What is “the Hand of Fatima”?
A widespread amulet or charm that many use as a lucky charm or accessory without fully understanding its meaning.
BY: JOSE LUIS VAZQUEZ BORAU
Archaeological findings have revealed the use of amulets was a common practice among the ancient cultures living in biblical lands. Amulets are, broadly speaking, enchanted objects people use to protect themselves from evil and injury, while also bringing good luck, which have not stopped being popular in our own day and age. One of these, used mostly in pendants and bracelets is “the hand of Jamsa,” also known as “the hand of Fatima.”
History of this symbol
Jamsa is the word for “five,” in Arabic. The use of this talisman has been documented since ancient times. It is possible that it may have been incorporated into African and Middle Eastern Mediterranean cultures as an evocation of the known motif of “the hand of God,” which can be seen in Jewish iconography as early as 244 in the frescoes of the Synagogue of Dura Europos in Syria. It was later adopted by the Carthaginians as it was associated with the goddess Tanit, patroness of Carthage, and passed to the Berbers and the Maghrebis (also known as Roman Africans). Thus, the Jewish and Arab cultures adopted the jamsa as an outside influence.
Symbolism of “the hand of Fatima”
The jamsa is a symbol formed by a hand with five fingers, with the middle finger right in the center. Attached to the middle finger are the index finger and the ring finger, which are a little shorter than the center finger, but share the same size between them. On the sides, there are two thumbs, also of the same size, slightly inclined outwardly.
The symbol does not come directly from Islam. Although in the Koran superstition is prohibited, the five pillars of Islam are often represented by the five fingers of “the hand of Fatima.” The Jewish people have used it to represent the Pentateuch, the five books of the Torah.
This symbol can actually have more than one meaning for its adherents, depending on whether is placed upwards or downwards. Upwards, which is the original position, indicates blessing; it is also used as protection against “the evil eye”. When pointed downwards, its meaning changes since it usually includes “the eye of Fatima” – also known as the “Turkish Eye” – which is usually blue and is said to attract luck.
What does the name of Fatima mean?
Fatima az-Zahra (“the luminous one,” in Arabic) was the daughter of Muhammad, the founding prophet of Islam. She was born in Mecca on July 27, 604. It is said that her husband Ali, a cousin of the prophet, brought a concubine to his house while Fatima prepared dinner. She experienced such distress and pain in her heart, they say, that she didn’t even react to her physical pain as she cut and burned her own hand. Ali realized his mistake and devoted himself totally to Fatima, according to the story.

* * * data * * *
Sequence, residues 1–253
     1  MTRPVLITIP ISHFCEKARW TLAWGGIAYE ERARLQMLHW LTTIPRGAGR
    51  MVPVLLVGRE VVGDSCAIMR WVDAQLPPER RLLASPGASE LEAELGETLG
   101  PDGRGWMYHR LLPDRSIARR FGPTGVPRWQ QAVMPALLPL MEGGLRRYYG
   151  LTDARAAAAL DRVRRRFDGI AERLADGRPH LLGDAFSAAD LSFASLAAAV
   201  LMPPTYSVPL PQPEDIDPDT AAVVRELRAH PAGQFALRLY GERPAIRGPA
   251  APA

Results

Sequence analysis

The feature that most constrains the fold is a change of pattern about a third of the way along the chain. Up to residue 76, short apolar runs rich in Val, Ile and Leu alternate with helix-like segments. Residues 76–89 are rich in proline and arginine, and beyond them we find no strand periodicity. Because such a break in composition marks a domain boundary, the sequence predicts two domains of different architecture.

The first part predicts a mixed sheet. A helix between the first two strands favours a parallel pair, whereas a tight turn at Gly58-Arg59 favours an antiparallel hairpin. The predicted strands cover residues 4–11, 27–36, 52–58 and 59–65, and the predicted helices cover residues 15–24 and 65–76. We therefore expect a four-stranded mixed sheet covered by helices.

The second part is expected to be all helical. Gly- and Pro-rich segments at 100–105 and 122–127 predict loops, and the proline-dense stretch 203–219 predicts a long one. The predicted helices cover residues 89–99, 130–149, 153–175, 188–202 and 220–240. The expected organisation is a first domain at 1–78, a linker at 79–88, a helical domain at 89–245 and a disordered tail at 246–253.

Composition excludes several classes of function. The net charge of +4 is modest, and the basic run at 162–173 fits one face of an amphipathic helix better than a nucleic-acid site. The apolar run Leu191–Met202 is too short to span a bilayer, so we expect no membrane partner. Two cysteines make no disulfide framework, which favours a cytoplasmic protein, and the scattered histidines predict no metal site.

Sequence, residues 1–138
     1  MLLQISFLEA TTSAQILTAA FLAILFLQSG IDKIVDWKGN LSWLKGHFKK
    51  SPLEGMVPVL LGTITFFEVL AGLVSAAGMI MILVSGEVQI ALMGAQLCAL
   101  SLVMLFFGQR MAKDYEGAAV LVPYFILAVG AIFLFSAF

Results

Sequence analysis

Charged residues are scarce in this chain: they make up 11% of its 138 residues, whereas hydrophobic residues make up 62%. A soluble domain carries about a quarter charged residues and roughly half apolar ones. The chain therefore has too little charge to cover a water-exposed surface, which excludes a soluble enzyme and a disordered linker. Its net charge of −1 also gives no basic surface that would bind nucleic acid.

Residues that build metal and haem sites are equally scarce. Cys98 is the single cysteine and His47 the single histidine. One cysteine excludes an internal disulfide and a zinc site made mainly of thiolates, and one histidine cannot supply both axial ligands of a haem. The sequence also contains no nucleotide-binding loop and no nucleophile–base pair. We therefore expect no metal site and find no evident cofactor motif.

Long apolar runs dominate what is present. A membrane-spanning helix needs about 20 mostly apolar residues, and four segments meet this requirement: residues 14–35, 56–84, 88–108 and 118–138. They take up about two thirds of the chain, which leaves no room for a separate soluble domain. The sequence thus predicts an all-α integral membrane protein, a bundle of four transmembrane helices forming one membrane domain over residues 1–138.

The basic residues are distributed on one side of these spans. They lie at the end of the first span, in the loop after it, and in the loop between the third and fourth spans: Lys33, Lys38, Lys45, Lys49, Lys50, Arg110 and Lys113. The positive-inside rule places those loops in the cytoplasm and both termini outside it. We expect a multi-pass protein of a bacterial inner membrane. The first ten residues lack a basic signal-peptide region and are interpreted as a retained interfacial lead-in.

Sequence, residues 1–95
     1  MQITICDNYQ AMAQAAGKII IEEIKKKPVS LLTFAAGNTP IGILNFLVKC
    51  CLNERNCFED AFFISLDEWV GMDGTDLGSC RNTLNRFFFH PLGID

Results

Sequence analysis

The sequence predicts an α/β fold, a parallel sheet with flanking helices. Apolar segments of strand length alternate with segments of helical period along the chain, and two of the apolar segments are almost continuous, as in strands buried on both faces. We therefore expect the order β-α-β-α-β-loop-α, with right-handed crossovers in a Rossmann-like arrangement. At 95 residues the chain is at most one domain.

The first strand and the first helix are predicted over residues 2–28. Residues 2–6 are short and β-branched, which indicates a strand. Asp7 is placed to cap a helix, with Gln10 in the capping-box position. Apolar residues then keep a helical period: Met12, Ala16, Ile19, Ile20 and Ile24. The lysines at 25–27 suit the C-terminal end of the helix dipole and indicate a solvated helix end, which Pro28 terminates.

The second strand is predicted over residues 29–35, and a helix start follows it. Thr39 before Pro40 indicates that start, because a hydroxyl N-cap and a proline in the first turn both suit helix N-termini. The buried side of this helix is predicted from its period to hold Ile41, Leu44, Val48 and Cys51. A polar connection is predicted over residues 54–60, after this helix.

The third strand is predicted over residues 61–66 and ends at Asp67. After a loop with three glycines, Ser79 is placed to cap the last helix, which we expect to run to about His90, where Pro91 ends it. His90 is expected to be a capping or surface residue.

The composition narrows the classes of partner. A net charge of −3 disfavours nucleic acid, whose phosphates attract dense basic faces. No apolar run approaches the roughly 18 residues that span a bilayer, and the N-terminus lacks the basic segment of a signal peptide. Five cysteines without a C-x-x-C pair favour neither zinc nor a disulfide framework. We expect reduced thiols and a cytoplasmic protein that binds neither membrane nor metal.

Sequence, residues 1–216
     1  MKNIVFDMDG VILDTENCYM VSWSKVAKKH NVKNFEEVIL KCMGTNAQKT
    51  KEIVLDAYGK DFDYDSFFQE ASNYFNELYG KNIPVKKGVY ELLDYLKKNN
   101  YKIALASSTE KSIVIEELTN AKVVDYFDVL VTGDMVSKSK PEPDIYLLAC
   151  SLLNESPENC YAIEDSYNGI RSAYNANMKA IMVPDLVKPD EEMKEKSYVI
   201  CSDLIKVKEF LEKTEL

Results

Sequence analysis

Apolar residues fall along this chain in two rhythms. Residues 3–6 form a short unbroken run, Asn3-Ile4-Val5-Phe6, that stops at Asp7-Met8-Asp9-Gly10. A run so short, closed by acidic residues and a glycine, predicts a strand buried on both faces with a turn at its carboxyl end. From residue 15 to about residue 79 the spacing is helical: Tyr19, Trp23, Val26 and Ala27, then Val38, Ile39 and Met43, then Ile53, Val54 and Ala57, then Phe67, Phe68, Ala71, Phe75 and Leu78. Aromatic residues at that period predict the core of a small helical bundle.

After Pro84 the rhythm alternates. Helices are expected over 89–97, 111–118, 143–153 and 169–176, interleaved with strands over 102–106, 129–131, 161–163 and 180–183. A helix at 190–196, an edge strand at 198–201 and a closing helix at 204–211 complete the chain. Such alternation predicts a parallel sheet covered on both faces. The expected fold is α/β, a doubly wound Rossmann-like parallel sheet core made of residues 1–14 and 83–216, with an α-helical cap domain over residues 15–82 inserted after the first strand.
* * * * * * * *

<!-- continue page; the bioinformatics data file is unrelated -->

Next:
Use of the “hand of Fatima”
Adherents of Judaism, Islam, and some Middle Eastern Christians appear to preserve the folkloric motif of the hand known as “jamsa,” most likely as a reference to “the hand of God.” What in the past may have been used as an amulet, lucky charm or talisman today has become more an expression of a monotheistic faith by both Jews and Muslims, as a reminder of God and an expression of their desire to receive his blessings and protection.
In popular culture, jamsa is more of a decorative motif. But there are some people who confer a fetish-like and superstitious value to it, much as some people would to a horseshoe or a rabbit leg, believing that these will bring them good luck. But beyond this, the jamsa does not have a neo-pagan meaning among adherents of the monotheistic Abrahamic religions. For them, the jamsa is simply an expression of their desire to have God watch over them and bless and protect them. As a sort of “icon” all these expressions have as their ultimate reference “the hand of God.”
The use of “the hand of Fatima” as an amulet
If we feel the need for protection against evil and against demonic powers, God has something much better to offer than amulets, as we find in the Letter to the Ephesians 6: 11,14-17: “Put on the whole armor of God, so that you may be able to stand against the wiles of the devil. Stand therefore, and fasten the belt of truth around your waist, and put on the breastplate of righteousness. As shoes for your feet put on whatever will make you ready to proclaim the gospel of peace. With all of these, take the shield of faith, with which you will be able to quench all the flaming arrows of the evil one. Take the helmet of salvation, and the sword of the Spirit, which is the word of God.”
To trust in amulets is to stop trusting in the loving providence of God.